By Isa Jones
By Mary Willson
By Brian Turk
By Drew AIles
By Taylor Boylston
By Bree Davies
By Emerald O'Brien
3. The American Song-Poem Anthology, Do You Know the Difference Between Big Wood and Brush (Bar/None)
These hastily made tracks are testament to a strange subculture that flourished mostly in the mid-'60s, when shadowy low-budget song factories advertised for "hitmakers" in the backs of comic books. Among laughable tributes to Richard Nixon and the first moon landing are over two dozen astoundingly peculiar recording sessions -- including a Motown-enhanced salute to the color yellow and a faux-country rendition of John Trubee's oddball classic, "Blind Man's Penis." We've all got a song in our hearts.
4. Nurse With Wound, She And Me Fall Together in Free Death (Beta-Iactam Ring Records)
Capturing the sonic equivalent of random, drifting thoughts has always been Nurse With Wound's stock in trade. When England's underground sound-muckers toss in a few erotic monologues read by squelching robots or an odd cover of Patty Water's "Black Is the Color of My True Love's Hair," it only gets more bizarre. Nurse, isn't it time for my pill?
5. Various Artists, Angola Prison Spirituals (Arhoolie)
Recorded at the Louisiana State Penitentiary in the late '50s, this historical audio document gives a fascinating and vivid picture of the way black Southerners sang spontaneous, unadorned, spirituals and gospel songs -- behind bars, that is. Amid bottleneck sermonizing and field hollers are nearly two dozen grim but beautiful odes to faith and freedom. This ain't no Johnny Mathis.
6. Eric Idle, Eric Idle Presents the Rutland Isles (iMusic)
England's quintessentially anal-retentive travel documentarian, Nigel Spasm, explains the cultural relevance of killing for God amid exotic flora, fauna and sheep. Idle (Monty Python, the Rutles) breaks a long comedic silence as yet another pasty imperialist in shorts -- one fishing for compliments, diving for muff and researching man's early Stoned Age ancestor: Homo Semi-Erectus.
7. Cut-Out, Interlude With Fun Machine (Starlight Furniture Co.)
For fans of Optigan and Mellotron keyboards, the warm tones of ex-Pell Mell partners Steve Fisk and Bob Beerman explore minimal rhythm-box variations with an offhand sense of humor. From casual reggae and kitschy lounge to Kraftwerk-baiting abstractions, this diverse, all-instrumental album makes home organs sound super-cool all over again.
8. So, So (Thrill Jockey)
A mostly technical demonstration from symmetrical duo Eriko Toyoda and Marcus Popp (Oval, Microstoria) combines textured and airy tones with processed vocals of muted Japanese lyrics. Disquieting melodies and meditative dada drift into the nether reaches of musique concrete.
9. Vic Mizzy, Songs for the Jogging Crowd (The Vicster Records)
Veteran TV and movie-score composer Vic Mizzy wasn't exactly born with a golden larynx. But he plays a mean thesaurus. With a Jewish eye for detail (including sturgeon and a color chart from the Sears paint department), Mizzy spoofs Hollywood while trying to stay fit. Oy!
10. Candye Kane, Whole Lotta Love (Ruf Records)
Candye Kane distinguishes herself from run-of-the-mill blues singers two ways: She tilts the scales at two and a half bills and can play the piano with her boobs. Novelty aside, Kane's soulful and powerful voice lends itself naturally to matters of the flesh and songs of love, loneliness and food. Weigh in, lover.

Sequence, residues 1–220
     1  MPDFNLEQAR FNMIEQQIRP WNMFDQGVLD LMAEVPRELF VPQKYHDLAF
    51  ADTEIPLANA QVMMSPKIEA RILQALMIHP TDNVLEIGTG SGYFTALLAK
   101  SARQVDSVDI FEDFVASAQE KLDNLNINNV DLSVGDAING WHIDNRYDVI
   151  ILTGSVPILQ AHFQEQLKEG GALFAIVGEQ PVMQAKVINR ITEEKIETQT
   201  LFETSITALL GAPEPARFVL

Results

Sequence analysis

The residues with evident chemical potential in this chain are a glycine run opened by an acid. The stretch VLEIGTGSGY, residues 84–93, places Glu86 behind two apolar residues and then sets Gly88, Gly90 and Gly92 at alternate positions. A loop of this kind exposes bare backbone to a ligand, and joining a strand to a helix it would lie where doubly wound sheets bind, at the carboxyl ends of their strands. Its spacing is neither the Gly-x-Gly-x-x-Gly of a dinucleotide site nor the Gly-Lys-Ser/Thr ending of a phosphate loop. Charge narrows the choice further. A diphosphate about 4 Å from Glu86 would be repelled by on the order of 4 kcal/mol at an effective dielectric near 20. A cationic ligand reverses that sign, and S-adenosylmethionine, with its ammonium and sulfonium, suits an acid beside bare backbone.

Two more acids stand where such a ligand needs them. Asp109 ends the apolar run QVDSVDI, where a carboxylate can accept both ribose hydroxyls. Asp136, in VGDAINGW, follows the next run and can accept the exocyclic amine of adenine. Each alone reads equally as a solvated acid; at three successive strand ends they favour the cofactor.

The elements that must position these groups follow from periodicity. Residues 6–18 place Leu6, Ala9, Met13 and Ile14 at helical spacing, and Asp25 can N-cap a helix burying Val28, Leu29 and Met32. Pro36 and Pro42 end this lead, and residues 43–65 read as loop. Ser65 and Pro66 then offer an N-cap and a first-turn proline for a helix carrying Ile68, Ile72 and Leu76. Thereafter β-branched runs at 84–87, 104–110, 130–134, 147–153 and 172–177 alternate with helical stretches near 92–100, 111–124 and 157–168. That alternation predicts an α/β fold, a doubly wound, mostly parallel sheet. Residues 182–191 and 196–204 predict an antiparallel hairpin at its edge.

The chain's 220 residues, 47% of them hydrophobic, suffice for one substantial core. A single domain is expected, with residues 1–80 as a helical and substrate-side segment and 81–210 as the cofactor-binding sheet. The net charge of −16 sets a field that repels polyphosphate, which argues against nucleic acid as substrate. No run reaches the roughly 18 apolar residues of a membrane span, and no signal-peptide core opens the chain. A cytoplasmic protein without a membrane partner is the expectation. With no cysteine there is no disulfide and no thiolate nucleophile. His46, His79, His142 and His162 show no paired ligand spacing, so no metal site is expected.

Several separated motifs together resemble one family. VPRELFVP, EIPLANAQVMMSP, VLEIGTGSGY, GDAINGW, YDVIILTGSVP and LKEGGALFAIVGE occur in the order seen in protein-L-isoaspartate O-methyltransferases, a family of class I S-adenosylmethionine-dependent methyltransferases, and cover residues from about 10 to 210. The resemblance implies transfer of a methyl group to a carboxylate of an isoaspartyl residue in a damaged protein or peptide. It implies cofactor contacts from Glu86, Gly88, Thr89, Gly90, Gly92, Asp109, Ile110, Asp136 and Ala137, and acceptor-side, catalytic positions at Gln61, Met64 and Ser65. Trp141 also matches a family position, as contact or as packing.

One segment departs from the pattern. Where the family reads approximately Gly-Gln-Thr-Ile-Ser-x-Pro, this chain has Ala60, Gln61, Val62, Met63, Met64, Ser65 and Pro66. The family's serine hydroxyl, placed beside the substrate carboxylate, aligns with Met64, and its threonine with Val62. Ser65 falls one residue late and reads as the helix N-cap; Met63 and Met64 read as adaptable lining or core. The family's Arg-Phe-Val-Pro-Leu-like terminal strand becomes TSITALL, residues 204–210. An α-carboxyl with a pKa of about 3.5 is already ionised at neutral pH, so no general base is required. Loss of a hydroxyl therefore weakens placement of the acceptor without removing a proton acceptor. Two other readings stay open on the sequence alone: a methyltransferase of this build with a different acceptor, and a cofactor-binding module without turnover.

The New Latin Classics
By Celeste Fraser Delgado
It's been an anxious year for the Latin music industry, as it has for the industry in general. The good news in a time of crisis: The crassest pop acts fade away, and the acts that survive are fired up by a personal vision. While some of the best albums of the year have received massive commercial success, notably Molotov's Dance and Dense Denso, most of these gems come from artists who would surely be making the same great music even if there were no one out there listening.
1. Café Tacuba, Cuatro Caminos (MCA)
Mexico City's avant-rock quartet Café Tacuba continues to explore the far reaches of the electronic ether without ever losing sight of what it means to rock out. Cuatro Caminos (Four Paths) veers from the raw energy of a street party to the interior murmur of private anguish, from the heady cacophony of a video arcade to heartfelt but never cliched confessions of love. There is no more complete -- or more satisfying -- road map for living in the digital age.
2. Chucho Valdes, New Conceptions (Blue Note)
One of the best albums yet by one of the all-time greats of Latin jazz, New Conceptions gives another twist to the longstanding fusion of African-American and Afro-Cuban traditions. Valdes opens with Cuban master Ernesto Lecuona and closes with an homage to Duke Ellington, revisiting Miles along the way -- but it is the pianist's own reinvention of all that has gone before him that makes New Conceptions so breathtaking. His compositions here, especially the achingly beautiful piano/cello duo "Nanu" and the experiment in rhythm that is "Sin Clave Pero Con Swing" ("Without Clave but With Swing"), prove that Chucho's name belongs in the company of those composers to whom he pays tribute.
3. Issac Delgado, Versos en el Cielo (33rd Street Records)
This is what romantic salsa could have sounded like had anyone bothered to make it well: inspired lyrics, creative arrangements, stunning musicianship and the unsurpassed voice of Cuban singer Issac Delgado. Politically untouchable on Latin radio in the United States, Versos en el Cielo (Verses in Heaven) is a collection of love songs by the greats of the island's Nueva Trova era -- most notably Silvio Rodriguez and Pablo Milanes -- set to sophisticated salsa arrangements that will thrill your soul and feed your mind.